Trust we are all doing well? Last week was HIV Awareness week.
Having HIV doesn’t have to stop you living a healthy life in the way that you choose to do. With the right treatment and care, you can expect to live if someone who doesn’t have HIV.
HIV is a global infection which has affected a lot of people but the good news is that there is a way to manage it. Due to medical advances, people with HIV and access to quality healthcare very rarely develop AIDS once they have started taking HIV treatment.Experts such as theWHO has observed thatHIV has become a manageable condition, and many people with HIV have long, healthy lives.
HIV is a virus that targets and alters the immune system, increasing the risk and impact of other infections and diseases, itstands for “human immunodeficiency virus,” and it attacks immune cells called CD4 cells.Without treatment, the infection might progress to an advanced stage called AIDS, it stands for “acquired immunodeficiency syndrome.”It is an advanced stage of HIV infection.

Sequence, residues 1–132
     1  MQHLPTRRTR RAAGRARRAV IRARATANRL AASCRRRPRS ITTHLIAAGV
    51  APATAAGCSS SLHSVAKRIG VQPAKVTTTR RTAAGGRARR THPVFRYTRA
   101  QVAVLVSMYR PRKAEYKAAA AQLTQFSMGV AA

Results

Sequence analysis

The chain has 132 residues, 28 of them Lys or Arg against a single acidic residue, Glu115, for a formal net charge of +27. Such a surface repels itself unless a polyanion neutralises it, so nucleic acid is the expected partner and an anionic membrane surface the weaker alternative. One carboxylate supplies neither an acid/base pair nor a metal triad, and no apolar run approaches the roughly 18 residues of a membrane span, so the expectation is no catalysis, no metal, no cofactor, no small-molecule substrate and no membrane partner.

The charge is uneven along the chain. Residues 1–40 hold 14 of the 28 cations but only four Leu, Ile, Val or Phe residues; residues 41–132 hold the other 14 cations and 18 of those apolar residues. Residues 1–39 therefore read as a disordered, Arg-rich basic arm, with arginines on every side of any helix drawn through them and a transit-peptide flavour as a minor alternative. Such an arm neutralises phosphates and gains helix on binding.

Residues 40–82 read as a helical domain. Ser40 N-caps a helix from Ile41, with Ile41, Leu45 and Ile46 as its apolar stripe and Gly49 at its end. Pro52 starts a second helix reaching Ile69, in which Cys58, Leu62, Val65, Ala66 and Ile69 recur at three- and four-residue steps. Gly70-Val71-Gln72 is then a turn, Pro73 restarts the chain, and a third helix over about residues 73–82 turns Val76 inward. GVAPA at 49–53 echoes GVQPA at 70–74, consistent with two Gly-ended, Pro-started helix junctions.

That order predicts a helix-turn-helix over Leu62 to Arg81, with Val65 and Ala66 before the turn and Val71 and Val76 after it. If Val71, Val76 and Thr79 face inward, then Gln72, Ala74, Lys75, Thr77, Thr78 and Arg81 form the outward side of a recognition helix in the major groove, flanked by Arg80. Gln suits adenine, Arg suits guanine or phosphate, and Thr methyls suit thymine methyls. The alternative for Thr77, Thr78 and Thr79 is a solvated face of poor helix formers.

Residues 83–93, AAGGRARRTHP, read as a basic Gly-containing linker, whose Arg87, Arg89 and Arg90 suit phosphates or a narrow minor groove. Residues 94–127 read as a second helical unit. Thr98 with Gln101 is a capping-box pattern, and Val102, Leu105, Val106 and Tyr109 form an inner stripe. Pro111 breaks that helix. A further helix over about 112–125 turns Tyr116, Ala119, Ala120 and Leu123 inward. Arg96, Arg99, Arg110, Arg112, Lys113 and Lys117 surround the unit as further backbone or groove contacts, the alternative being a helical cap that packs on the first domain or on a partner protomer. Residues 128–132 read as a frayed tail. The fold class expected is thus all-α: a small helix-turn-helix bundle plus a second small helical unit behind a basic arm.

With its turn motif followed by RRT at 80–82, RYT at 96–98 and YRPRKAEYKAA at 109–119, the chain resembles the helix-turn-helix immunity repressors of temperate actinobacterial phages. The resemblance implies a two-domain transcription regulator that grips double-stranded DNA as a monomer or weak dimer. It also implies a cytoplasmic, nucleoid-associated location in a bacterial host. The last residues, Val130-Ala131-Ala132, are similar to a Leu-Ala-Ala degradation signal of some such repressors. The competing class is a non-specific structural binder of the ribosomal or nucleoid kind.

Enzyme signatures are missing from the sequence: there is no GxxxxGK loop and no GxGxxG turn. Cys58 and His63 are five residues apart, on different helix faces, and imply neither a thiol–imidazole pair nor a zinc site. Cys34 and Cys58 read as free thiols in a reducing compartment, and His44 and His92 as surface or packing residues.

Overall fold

The life expectancy of a person with HIV is now approaching that of someone who tests negative for the virus, provided that the person takes medications called antiretroviral therapy on an ongoing basis.
As of 2019, around 68% of adults and 53% of children with HIV worldwide were receiving lifelong treatment.
It is worth noting, however, that some people have HIV for long periods without experiencing any symptoms.
HIV is a lifelong condition, but treatments and certain strategies can prevent the virus from transmitting and the infection from progressing.
HIV can only transmit through fluids that contain a certain amount of the virus. If a person has undetectable levels of HIV, the virus cannot transmit to another person.
Doctors consider HIV to beundetectable when the amount of the virus in the body is so low that a blood test cannot identify it.
Having undetectable levels requires a person to continually receive effective treatment and follow the recommended plan carefully, which usually involves taking medications every day.
A person with undetectable levels still has HIV, and regular monitoring with blood tests is key to maintaining this status.